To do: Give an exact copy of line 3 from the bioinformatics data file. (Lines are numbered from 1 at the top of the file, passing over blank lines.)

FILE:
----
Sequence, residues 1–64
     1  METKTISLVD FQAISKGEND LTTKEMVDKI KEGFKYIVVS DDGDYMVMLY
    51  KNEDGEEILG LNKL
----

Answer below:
    51  KNEDGEEILG LNKL